Of the new Power announcements the newest processor, Power7+, certainly was the star.  Other capabilities, such as elastic capacity on demand and dynamic Power system pools, may prove more important in the long run. Another new announcement, the EXP30 Ultra SSD I/O Drawer, may turn out quite useful as organizations appreciate the possibilities of SSD and ramp up usage.

Power7+, with 2 billion transistors, promises to deliver 40% more performance, especially for Java workloads, compared to Power7.  Combined with other enhancements Power announced, it looks particularly good for data and even real-time analytics workloads.  The new processor boasts 4.4 GHz speeds, a 10MB L3 cache per core (8 cores =80 MB), and a random number generator along with enhanced single precision floating point performance and an enhanced GX system bus. IBM invested the additional transistors primarily in the cache. All of this will aid performance and efficiency.

The enhanced chip also brings an active memory expansion accelerator and an on-chip encryption accelerator for AIX. Previously this was handled in software; now it is done in hardware for better performance and efficiency.  Power7+ also can handle 20 VMs per core, double the number of Power7 VMs. This allows system administrators to make VM partitions, especially development partitions, quite small (just 5% of the core).  With energy enhancements, it also delivers 5x more performance per watt. New power gating also allows the chip to be configured in a variety of ways. The upshot: more flexibility.

Other new capabilities include elastic Capacity on Demand (CoD) and Power System Pools work hand in hand.  Depending on the server model, you can create what amounts to a huge pool of shared system resources, either permanently or temporarily. IBM has offered versions of capacity on demand for years, but they typically entailed elaborate set up and cumbersome activation routines to make the capacity available.  Again, depending on the model IBM is promising more flexible CoD and easier activation, referring to it as instant elasticity.  If it works as described, you should be able to turn multiple Power servers into a massive shared resource. Combine these capabilities to create a private cloud based on these new servers and you could end up with a rapidly expandable private cloud. Usually, it would take a hybrid cloud for that kind of expansion, and even that is not necessarily simple to set up.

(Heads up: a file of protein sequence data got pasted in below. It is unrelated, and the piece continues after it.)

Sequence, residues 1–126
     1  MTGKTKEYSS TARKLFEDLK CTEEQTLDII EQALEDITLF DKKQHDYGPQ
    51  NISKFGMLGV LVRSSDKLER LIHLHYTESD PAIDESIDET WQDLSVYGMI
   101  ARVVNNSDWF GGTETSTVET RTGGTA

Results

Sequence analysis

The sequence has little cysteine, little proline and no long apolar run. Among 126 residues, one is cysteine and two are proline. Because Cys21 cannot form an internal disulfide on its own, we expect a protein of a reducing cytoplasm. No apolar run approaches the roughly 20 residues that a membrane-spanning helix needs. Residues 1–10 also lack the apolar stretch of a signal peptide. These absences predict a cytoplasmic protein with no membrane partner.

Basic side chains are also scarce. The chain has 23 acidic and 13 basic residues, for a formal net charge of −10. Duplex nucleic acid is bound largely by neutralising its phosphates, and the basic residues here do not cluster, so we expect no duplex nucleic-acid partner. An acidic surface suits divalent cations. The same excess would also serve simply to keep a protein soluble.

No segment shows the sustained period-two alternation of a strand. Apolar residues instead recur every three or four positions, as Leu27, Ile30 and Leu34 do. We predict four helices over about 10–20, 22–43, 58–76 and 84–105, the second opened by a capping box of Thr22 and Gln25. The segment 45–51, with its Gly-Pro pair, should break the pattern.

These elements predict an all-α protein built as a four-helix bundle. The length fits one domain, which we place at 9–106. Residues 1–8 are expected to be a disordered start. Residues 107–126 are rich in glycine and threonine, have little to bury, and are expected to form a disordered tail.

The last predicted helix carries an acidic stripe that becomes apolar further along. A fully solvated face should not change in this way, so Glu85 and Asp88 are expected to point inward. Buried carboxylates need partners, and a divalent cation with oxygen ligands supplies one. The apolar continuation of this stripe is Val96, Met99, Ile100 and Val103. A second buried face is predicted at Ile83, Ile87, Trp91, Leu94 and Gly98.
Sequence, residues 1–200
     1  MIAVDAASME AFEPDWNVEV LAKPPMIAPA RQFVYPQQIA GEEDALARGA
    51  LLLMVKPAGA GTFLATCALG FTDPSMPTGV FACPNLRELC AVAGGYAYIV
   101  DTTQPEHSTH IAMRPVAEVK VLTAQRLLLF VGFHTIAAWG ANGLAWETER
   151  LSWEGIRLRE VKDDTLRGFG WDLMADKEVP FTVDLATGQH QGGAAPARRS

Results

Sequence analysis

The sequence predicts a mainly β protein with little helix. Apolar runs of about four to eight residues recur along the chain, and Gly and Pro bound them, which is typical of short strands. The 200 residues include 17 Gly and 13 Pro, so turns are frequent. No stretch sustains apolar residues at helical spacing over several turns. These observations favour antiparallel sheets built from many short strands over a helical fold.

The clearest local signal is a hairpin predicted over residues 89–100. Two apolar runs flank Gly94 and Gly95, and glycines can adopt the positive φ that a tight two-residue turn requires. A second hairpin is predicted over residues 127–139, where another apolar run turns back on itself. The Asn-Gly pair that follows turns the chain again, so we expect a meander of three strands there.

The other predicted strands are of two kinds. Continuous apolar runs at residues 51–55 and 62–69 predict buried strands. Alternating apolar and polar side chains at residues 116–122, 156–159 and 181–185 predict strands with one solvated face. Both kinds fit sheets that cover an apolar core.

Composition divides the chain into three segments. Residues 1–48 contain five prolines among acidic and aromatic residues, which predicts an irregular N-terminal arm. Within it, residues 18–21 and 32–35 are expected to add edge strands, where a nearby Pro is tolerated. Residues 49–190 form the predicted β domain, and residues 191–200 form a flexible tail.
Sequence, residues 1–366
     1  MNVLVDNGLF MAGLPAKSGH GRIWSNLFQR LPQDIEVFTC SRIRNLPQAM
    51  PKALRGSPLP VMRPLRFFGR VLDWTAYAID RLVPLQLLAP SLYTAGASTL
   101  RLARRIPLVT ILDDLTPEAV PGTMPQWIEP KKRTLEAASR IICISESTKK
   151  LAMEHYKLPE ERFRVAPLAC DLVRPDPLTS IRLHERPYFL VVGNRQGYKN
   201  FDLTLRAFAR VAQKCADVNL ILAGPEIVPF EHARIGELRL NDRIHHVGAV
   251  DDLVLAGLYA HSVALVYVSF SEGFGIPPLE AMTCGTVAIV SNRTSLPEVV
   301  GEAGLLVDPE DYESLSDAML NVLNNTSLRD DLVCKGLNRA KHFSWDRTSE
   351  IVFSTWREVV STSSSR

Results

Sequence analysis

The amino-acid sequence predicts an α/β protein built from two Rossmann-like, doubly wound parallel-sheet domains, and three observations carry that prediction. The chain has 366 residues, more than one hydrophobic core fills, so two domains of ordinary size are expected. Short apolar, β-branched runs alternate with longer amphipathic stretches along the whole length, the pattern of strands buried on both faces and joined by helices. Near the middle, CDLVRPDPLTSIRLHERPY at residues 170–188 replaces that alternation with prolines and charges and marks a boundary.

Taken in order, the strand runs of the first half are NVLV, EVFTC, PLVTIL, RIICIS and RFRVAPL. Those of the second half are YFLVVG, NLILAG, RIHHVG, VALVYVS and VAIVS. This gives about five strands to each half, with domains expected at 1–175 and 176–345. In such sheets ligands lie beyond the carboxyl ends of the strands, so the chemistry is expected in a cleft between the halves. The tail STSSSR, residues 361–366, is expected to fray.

There are, however, limitations to elastic CoD and Power Systems Pool. An initial quantity of CoD credits are offered only with new Power 795 and Power 780 (a Power7+ machine). There also is a limit of 10 Power 795 and/or 780 servers in a pool.

Enterprises are just starting to familiarize themselves with SSD, what it can do for them, and how best to deploy. The EXP30 Ultra SSD I/O Drawer, scheduled for general release in November, should make it easier to include SSD in an enterprise infrastructure strategy using the GX++ bus. The 1U drawer can hold up to 30 SSD drives (387 GB) in that small footprint.  That’s a lot of resource in a tight space: 11.6 TB of capacity, 480,000 read IOPS, and 4.5 GB/s of aggregate bandwidth. IBM reports that it can cut batch window processing by up to 50% and reduce the number of HDD by up to 10x. Plus, you can still attach up to 48 HDD downstream for another 43 TB.

And these just touch on some of what IBM packed into the Oct. 3 announcement. BottomlineIT will look at other pieces of the Power announcement, from enhancements of PowerVM to PowerSC for security and compliance as well as look at the enhancements made to zEC12 software. Stay tuned.